Charity leaders 'lack interest' in improving diversity in volunteering, NCVO warns

A damning NCVO has found “a lack of interest or action on diversity and inclusion at senior leadership levels” within charities surrounding volunteering.

This inaction by charity leaders is among key barriers Black, Asian and Minority Ethnic (BAME) and disabled people are facing when offering their time for free to good causes.

Disabled volunteers are faced with “daunting application forms or inaccessible buildings”. One in seven (16%) disabled volunteers said that volunteering negatively impacted on their health and wellbeing, compared to less than one in ten (9%) non disabled volunteers.

Meanwhile, promotion of volunteering is leaving some volunteers excluded and inflexible roles are not taking into account the diverse lives of volunteers.

In addition, the NCVO found “negative attitudes of staff or other volunteers that create a closed or exclusive culture”.

“If governing bodies and senior staff embrace diversity, it is more likely to be prioritised, resourced, and embedded.,” states the report.

“Where senior level buy-in was in place, organisations were much more likely to be successful in creating inclusion and increasing diversity within volunteering.”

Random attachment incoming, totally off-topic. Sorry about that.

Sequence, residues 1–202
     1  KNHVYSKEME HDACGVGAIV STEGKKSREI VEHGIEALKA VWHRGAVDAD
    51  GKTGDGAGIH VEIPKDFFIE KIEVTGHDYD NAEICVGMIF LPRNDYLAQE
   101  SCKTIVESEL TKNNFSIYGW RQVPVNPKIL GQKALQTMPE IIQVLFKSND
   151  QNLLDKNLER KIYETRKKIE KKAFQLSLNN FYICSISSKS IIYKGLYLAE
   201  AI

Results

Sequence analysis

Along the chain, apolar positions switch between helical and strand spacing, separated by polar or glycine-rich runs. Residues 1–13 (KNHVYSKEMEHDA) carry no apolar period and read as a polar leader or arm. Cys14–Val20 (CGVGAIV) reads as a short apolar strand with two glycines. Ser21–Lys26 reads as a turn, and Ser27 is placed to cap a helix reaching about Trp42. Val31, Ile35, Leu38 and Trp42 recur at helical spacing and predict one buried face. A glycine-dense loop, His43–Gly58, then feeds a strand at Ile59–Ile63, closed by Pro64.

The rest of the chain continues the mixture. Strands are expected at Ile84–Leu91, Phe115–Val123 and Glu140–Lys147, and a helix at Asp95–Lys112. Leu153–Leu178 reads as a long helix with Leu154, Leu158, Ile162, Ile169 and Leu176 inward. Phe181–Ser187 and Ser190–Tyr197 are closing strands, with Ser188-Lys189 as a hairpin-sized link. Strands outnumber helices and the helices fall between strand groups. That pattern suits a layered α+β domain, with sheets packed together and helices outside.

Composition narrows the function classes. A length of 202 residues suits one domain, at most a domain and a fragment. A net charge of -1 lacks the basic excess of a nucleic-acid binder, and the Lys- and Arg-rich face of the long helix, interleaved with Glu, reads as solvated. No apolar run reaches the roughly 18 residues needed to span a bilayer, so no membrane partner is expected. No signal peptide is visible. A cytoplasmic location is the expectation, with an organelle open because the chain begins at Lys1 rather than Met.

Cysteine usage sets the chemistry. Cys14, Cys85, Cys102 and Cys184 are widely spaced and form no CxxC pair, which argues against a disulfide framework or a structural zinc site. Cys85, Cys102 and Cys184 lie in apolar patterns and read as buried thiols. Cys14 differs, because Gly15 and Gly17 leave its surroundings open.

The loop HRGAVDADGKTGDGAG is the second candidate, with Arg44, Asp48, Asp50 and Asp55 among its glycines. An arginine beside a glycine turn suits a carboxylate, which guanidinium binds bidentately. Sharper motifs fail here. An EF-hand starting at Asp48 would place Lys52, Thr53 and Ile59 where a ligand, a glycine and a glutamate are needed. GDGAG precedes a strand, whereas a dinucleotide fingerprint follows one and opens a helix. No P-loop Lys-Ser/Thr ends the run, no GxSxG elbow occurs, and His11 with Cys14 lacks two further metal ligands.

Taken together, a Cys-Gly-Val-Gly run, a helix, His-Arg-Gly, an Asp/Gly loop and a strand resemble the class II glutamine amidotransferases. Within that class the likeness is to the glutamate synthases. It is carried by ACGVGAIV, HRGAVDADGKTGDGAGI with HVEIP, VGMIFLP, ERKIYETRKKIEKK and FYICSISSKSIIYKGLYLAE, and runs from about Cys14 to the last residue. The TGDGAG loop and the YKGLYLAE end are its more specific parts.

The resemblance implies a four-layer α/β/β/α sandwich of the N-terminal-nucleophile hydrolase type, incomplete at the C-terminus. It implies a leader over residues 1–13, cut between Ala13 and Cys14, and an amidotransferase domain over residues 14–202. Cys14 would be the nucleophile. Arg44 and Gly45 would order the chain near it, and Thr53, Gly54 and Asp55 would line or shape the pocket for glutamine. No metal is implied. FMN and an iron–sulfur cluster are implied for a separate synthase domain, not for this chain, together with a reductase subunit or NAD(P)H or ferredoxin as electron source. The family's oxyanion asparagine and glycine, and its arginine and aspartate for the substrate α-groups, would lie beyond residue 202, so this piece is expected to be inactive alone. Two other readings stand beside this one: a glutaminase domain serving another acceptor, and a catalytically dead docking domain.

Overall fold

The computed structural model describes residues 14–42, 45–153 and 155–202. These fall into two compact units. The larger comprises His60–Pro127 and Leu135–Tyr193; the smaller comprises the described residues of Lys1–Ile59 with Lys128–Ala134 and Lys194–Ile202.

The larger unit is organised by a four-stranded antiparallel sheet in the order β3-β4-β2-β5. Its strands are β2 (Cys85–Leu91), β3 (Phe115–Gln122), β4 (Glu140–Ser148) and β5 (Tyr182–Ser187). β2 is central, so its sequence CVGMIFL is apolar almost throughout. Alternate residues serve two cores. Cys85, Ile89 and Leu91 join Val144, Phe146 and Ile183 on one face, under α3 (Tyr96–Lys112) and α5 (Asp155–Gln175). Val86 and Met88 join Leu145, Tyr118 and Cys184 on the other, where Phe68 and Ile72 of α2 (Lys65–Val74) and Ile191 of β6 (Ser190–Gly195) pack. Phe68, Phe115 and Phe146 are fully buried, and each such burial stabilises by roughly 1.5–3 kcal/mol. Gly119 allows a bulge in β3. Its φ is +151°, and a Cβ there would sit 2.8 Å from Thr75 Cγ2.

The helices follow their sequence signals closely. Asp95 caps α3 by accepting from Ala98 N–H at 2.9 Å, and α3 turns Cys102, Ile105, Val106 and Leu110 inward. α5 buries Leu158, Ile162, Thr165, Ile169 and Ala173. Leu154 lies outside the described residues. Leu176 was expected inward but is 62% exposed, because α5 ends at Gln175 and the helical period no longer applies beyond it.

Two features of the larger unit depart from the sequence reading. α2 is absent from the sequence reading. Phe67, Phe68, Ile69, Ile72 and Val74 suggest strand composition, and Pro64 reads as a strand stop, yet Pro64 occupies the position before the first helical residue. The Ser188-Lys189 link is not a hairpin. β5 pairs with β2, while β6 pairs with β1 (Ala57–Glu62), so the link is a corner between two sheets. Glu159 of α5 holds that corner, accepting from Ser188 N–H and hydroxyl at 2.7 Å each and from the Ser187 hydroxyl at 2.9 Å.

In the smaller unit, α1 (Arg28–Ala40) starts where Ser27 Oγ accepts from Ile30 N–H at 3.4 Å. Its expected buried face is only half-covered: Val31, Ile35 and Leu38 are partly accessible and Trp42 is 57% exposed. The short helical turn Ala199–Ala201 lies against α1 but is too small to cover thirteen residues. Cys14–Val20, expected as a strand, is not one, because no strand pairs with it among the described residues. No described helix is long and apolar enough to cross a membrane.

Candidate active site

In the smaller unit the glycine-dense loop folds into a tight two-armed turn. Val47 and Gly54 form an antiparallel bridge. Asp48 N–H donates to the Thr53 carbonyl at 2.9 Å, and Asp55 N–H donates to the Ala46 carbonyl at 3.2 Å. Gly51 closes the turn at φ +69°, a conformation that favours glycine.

Satisfaction rates among BAME volunteers was lower, at 91%, than among white volunteers, at 96%, the NCVO research found.

The findings have been revealed in the NCVO’s report Time Well Spent: Diversity and Volunteering. This is the third in a series of focused reports by the charity infrastructure organisation into volunteering.

“Our research shows that while organisational approaches to diversity are shifting across the voluntary sector, there are still significant barriers to diversity and inclusion in volunteering,” said NCVO director of membership and engagement Sarah Vibert.

Lessons for the charity sector to learn, include simplifying volunteer recruitment and support processes, improving messaging and imagery around promotion and creating clear processes to challenge discriminatory behaviour.

The report notes that, “if volunteers see themselves in organisational imagery they are likely to feel more welcome”.

Diversity must also be embedded across charities’ organisation, including among trustees, leaders and staff, the NCVO warns.

Vibert added: “The recommendations in our report, such as providing better support and a welcoming environment for volunteers, will improve the volunteer experience for many, and help organisations attract and retain a broader range of volunteers in the months and years to come.”

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